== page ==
This chapter focuses on the role of leadership in economic development. It first defines leadership as a collective political process, not simply or solely as a function of the attributes, traits, and activities of individuals in the tradition of the “great man/woman” of history. Second, the chapter locates leadership within a theoretical context about how economic and political development happens. Third, the chapter undertakes a political analysis of how actors—as agents (individual and collective)—interpret their interests and ideas, make choices, frame and strategize their activities, and encounter and interact with each other and their interests in the context of different structures of power.
One of the audiences to whom political candidates must make persuasive appeals is campaign donors. US elections require private financing and are the most expensive in the democratic world. Candidates without personal wealth are, therefore, compelled to make appeals to potential donors on a regular basis. This chapter considers the barriers that low-resource candidates face in appealing to these donors to fund their campaigns and how candidates attempt to surmount these obstacles. While much attention has been given to the role of money in shaping policy outcomes, less attention has been given to how the process of raising money itself impacts candidates from the working-class. A striking aspect of US politics is the skewed class composition of its senior politicians. Not a single member of the US Senate lacks a four-year college degree, while two-thirds of Americans over the age of 25 are without degrees. This chapter argues that these facts are not unrelated, but shows that low-resource candidates do try to compensate through other bespoke, persuasive appeals to donors, especially ones which emphasize, rather than conceal, their outsider status and which appeal to non-traditional donors.
This article studies political advertising, starting with non-directly informative advertising and directly informative advertising. It then tries to determine how a microfounded model of campaign finance can be used to reinterpret the available empirical evidence. The expenditure function is also discussed in this article.
Samuel Bowles and Herbert Gintis
This article analyses the relevance of the concepts of Homo economicus, zoon politikon, and social preferences in political analysis. It explains that the acceptance of the rational choice model coincides with an increasing recognition in economics of the limitations of the behavioural assumptions sometimes summarized by the term Homo economicus. Though Homo economicus is not entailed by any axioms of the model, three assumptions embracing this behavioural model are commonly treated as integral to the approach. This article highlights the confirmation of the existence of process-regarding and other-regarding preferences introduced by the idea of zoon politikon. It also presents empirical evidence supporting strong reciprocity as a schema for explaining important forms of political behaviour.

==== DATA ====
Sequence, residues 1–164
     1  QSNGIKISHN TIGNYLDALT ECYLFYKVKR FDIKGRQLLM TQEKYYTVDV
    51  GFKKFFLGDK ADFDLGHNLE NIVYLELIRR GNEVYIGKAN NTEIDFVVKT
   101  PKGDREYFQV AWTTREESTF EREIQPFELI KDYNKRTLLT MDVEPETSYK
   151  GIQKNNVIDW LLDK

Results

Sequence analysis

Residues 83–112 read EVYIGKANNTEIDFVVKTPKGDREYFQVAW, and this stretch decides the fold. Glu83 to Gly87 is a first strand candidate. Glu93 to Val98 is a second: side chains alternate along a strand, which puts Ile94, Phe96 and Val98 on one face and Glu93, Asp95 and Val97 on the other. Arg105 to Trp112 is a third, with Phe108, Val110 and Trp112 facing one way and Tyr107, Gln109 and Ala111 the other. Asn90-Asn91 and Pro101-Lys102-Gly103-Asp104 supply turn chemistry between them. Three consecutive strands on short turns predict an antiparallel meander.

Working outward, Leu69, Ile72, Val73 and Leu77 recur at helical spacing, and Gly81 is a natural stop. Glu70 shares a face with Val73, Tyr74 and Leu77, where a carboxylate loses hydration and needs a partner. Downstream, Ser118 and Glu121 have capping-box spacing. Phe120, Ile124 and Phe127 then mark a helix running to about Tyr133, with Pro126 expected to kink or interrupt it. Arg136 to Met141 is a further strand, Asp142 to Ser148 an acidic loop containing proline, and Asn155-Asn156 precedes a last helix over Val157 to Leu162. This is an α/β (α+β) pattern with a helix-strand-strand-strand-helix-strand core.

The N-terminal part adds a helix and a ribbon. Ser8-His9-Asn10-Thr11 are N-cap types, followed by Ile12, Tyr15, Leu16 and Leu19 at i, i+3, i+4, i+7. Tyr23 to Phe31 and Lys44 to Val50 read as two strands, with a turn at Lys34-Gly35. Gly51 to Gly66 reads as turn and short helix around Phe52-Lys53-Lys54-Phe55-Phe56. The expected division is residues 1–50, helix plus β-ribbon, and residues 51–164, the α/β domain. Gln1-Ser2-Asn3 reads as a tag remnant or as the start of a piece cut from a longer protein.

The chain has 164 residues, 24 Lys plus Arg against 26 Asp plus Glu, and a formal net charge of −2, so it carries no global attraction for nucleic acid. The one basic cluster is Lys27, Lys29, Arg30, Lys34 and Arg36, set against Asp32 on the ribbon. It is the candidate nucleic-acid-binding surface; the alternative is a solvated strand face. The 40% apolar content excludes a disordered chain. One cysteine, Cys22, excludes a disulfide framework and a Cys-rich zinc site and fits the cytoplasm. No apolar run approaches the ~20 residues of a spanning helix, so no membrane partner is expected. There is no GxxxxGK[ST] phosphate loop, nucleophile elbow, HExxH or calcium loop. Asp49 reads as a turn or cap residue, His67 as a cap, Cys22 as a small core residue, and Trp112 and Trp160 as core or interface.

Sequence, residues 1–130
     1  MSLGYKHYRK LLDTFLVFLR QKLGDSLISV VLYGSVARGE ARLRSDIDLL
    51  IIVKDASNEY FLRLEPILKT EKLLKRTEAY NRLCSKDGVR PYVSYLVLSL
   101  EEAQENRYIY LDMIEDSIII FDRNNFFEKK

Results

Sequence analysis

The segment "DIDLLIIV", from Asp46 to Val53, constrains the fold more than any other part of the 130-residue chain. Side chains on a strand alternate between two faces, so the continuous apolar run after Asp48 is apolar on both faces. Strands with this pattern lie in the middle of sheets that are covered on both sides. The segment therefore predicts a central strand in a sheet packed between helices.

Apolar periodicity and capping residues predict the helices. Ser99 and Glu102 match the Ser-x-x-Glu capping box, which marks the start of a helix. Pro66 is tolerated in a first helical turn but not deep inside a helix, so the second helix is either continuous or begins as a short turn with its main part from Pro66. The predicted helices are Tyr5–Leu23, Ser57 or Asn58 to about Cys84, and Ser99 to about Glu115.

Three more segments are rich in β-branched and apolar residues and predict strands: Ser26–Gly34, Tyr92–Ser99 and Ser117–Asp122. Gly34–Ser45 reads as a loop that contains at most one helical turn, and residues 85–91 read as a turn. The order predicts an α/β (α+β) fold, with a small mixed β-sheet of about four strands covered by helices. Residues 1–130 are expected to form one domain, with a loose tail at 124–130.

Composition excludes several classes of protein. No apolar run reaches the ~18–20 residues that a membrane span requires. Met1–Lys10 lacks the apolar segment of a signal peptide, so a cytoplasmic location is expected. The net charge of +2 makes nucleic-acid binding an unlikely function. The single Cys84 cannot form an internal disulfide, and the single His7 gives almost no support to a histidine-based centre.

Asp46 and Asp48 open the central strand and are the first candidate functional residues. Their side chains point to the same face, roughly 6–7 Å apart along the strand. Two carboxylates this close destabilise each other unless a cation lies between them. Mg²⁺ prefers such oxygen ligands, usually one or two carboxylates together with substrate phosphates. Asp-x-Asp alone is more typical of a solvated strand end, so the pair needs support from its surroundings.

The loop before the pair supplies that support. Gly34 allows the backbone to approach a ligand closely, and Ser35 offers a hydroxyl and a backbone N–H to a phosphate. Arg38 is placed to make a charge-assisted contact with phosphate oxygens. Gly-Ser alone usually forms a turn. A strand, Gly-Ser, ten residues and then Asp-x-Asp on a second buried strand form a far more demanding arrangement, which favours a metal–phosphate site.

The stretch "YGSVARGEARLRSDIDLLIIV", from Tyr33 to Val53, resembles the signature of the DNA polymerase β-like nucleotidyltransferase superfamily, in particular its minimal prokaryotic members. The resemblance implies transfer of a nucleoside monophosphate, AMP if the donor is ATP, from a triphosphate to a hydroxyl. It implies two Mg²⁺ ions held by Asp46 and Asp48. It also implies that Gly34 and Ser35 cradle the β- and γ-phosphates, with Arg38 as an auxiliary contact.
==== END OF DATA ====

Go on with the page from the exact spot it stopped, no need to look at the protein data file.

This chapter provides a selective survey of the literature on the association between social trust and economic growth. The chapter is divided into two main sections. The first section outlines the main theoretical arguments for how social trust could affect the long-run growth rate and economic performance of an economy. These theoretical mechanisms can work both directly or indirectly by affecting institutions, factor accumulation, and the elasticity of substitution. An overview of a set of relevant theoretical mechanisms also reveals that some only affect growth under specific conditions. The second section is devoted to reviewing the evidence of an empirical association. While the literature clearly supports a causal effect of trust on growth, the empirical section as well as the conclusions suggest a number of ways in which the field may move forward.
Donald G. Saari
This article lists down some results that can serve as useful tools to analyze actual elections. It first looks at representing profiles, which enumerate the number of voters who have each ranking of the candidates. Procedure line and hulls are used to provide a display of the different outcomes of computing tallies. The article moves on to the ‘axiomatic representations’ of voting rules, and then looks at how the ‘will of the voters’ is determined. Finally, the theorems of Arrow's, Sen's, and Gibbard-Satterthwaite are discussed.
Margaret E. Peters
In the canonical models of trade and factor movement, trade and migration are theorized to be substitutes, with similar effects on the wages people earn and the prices they pay for goods. This chapter explores whether this model explains the politics of trade and migration by examining three areas of scholarship: public opinion, policy, and flows. The public opinion literature has consistently found that opinion does not follow canonical models and instead has proposed two other explanations: the fiscal and cultural effects of immigrants. In contrast, trade and immigration policy historically have been substitutes, but due to their effects on the preferences of firms for immigrant labor and not only to their effects on the prices of goods and labor. Trade and migrant flows appear to be complements, as migrants help overcome the transaction costs inherent in international trade. Finally, the chapter discusses areas for future research.
Ho Fai Chan, Mohammad Wangsit Supriyadi, and Benno Torgler
This empirical chapter examines the relation between trust and tax morale at both country and individual levels using a combined World Values Survey and European Values Study dataset covering 400,000 observations across 108 countries. The results overall indicate that although vertical trust matters, horizontal trust in the form of generalized trust is not linked to tax morale. We do, however, identify intercountry differences that warrant further exploration. We also demonstrate that generalized trust uncertainty, in contrast to vertical trust uncertainty, is negatively correlated with tax morale. Lastly, we provide some evidence that generalized trust varies under different vertical and governance conditions, but we are unable to identify any indirect path from generalized trust to tax morale using governance quality as a mediator.